Traditional juvenile justice outcome evaluation focuses on recidivism rates which fail to address cost effectiveness or account for the fact that juvenile facilities serve youth whose risk to re-offend varies widely.
The innovative Program Accountability Measures (PAM) evaluation model goes beyond recidivism rate comparisons by calculating a program’s expected recidivism given the underlying seriousness of the youth served by the program. Expected recidivism is compared to observed recidivism and programs are ranked relative to how well they performed. An overall PAM score is derived from a formula which combines this recidivism effectiveness measure with a program cost effectiveness measure. The PAM Report presents standardized program scores on a scale from 1 to 100, making scores comparable to academic grades.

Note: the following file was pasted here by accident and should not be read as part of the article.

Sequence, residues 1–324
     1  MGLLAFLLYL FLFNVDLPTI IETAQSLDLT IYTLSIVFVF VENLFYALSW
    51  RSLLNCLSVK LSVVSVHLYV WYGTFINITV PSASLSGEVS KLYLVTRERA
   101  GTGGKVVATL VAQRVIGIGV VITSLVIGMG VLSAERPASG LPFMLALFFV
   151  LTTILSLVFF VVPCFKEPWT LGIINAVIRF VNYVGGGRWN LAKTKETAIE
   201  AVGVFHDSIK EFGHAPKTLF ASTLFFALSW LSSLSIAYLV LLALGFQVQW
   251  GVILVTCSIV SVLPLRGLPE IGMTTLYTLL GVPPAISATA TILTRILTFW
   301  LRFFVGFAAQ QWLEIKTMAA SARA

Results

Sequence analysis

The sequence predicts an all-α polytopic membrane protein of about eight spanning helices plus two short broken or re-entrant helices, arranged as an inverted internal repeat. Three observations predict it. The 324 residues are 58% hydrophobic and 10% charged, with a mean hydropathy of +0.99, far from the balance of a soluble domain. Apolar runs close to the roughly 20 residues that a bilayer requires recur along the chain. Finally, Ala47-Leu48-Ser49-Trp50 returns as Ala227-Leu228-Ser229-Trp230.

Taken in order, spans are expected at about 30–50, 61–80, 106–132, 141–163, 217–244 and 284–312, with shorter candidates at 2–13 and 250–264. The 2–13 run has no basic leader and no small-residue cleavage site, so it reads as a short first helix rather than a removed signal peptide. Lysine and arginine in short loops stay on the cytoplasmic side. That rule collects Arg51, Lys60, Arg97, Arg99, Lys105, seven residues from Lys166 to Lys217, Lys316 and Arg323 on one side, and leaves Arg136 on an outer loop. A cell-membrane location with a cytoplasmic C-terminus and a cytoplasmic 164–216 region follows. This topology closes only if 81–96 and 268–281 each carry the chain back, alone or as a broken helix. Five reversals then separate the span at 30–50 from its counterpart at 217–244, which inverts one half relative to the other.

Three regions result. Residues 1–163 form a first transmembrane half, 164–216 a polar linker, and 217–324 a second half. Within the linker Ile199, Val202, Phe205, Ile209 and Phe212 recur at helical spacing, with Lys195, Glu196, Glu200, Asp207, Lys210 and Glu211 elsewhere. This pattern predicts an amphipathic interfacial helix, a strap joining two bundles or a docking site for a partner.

The JRC has been successful in replicating this model in Louisiana. In 2005, the Florida PAM Report was named a semifinalist (top five percent in the nation) in the Harvard University Innovations in American Government Awards Program.